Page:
March 8, 2016

The weather has stayed a consistent windy and cold. Since I got off the plane it’s been at least -30F with gusts of wind reaching 35mph. Again, it was too cold to get out on the ice with the equipment. Not only was it too cold, but the wind has been so strong that it’s blowing the snow around to create a fog that limits visibility to about a mile. That creates unsafe conditions in regards to watching out for polar bears on the ice. We managed to get some data however to test the capabilities of OhmMy. Unless it clears up a reasonable time before sunset, it looks like that is all we will be able to do. 

We’ve had some issues with the odometer wheels. One of the Hall sensors totally defected and others had to be re-aligned as well as readjusting one of the Dallas Semiconductor temperature sensors. That only took a small portion out of our morning, though.

In the meantime, the research team has gotten lots of opportunities to get to know one another and bond. Maybe it will be better this way to gain camaraderie now and be an even better team once we are able to start getting data on the ice. I am hopeful to have the data and team ready to go the first chance we get to go out there. Wish us luck!

March 14, 2016

I am back in Radford, Virginia. 

On Thursday, we saw that the 1,000MHz signal did not seem to give as accurate results in the ice/water boundary as the 500MHz did. We put the Thermicrons out for two sets of temprature data. One on Thursday and one on Friday.

Thursday, we managed to get most tasks done around a big gap of the day where we were suspended off the ice due to polar bears having wandered far inland. It took the townsfolk all day to watch the bears travel back up North a safe distance. We got some OhmMapper data using a different technique than usual, a dipole-dipole expanding array. It takes a vertical sweep of the ground instead of its usual horizontal sweep and map of the subsurface. We then drilled into the ice in order to compare the data. Our hopes are to graph the resistivity data and find a break in the line that will represent the ice/water boundary.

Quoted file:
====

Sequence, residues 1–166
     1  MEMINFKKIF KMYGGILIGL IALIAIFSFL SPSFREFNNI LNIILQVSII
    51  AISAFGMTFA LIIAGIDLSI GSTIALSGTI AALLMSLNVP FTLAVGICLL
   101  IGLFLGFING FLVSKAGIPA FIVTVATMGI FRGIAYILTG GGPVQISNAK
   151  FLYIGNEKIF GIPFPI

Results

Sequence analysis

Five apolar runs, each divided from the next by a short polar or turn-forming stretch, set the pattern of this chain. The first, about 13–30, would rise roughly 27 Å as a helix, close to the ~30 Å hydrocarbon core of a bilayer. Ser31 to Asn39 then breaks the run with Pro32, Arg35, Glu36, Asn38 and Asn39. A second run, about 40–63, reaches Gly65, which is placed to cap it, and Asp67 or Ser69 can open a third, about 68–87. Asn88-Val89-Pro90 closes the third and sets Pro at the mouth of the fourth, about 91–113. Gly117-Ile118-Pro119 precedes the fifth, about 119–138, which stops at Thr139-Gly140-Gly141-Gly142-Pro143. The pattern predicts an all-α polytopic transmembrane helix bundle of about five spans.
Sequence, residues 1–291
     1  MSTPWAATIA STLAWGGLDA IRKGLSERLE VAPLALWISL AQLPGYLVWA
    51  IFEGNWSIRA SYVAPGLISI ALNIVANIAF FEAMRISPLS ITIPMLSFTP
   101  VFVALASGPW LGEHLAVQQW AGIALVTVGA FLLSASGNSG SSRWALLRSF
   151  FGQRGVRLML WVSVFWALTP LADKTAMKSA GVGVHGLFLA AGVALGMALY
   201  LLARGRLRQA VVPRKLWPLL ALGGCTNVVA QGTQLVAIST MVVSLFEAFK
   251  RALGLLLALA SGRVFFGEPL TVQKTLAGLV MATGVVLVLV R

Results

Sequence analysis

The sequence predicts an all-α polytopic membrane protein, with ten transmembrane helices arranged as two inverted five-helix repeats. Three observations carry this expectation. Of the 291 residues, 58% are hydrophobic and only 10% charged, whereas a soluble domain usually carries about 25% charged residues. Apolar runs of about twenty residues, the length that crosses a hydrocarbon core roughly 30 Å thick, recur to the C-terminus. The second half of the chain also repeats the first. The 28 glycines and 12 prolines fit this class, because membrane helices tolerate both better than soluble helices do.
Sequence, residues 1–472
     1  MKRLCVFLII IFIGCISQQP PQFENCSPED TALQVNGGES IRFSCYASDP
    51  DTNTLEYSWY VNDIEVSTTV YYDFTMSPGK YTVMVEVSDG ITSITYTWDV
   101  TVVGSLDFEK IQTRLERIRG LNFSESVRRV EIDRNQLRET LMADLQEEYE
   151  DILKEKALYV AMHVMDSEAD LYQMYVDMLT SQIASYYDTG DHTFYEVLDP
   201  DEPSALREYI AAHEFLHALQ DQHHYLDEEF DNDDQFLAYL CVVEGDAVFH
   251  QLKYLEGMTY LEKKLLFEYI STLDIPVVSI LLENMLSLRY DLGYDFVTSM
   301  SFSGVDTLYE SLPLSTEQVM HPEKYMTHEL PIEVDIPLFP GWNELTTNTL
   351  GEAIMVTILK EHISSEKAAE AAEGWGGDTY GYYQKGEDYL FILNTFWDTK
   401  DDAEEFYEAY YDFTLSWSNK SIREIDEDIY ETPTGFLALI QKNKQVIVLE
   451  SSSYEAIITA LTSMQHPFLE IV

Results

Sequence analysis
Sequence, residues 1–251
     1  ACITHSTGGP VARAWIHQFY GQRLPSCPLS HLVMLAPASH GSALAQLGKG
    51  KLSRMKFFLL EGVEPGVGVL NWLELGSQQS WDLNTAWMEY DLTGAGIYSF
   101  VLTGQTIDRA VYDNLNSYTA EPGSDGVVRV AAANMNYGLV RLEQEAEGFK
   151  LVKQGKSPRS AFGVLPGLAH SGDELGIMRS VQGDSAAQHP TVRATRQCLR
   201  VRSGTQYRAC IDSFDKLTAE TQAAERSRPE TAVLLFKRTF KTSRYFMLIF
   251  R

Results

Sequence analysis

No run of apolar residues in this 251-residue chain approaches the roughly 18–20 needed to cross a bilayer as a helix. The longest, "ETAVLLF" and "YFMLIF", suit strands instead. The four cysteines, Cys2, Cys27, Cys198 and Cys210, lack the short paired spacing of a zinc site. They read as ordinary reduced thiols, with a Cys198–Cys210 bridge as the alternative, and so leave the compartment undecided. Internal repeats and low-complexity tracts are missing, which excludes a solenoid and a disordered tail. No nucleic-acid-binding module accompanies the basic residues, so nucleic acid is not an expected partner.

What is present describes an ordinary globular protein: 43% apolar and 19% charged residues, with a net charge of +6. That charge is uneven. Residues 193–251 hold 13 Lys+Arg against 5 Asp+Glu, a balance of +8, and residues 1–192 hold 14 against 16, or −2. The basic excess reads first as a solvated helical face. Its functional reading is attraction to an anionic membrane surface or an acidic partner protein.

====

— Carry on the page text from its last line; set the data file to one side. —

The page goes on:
We did this Thursday and found promising results so we decided to try again Friday. It seems to be holding consistent and giving us measurements of the thickness of about .95m compared to the ice drill data that showed .93 meter thickness. This is looking up!

Friday, we did a 900 meter run out onto the ice during the time satellites went over to get the same data so we can ground truth for them. We took the GPR and the microclimate sensor sled as well as one sled that only took surface temperature data.  

The data seems to be holding up the possible correlation of the surface temperature of the ice and its thickness. We are still in the preliminary stages of processing data, however. 

We presented our preliminary findings at the local library for a few locals and local scientists. I think it went well! It will be good practice for the Student Engagement Forum at the university in April. I am excited to get to work and get a better sense of what all of this data is telling us!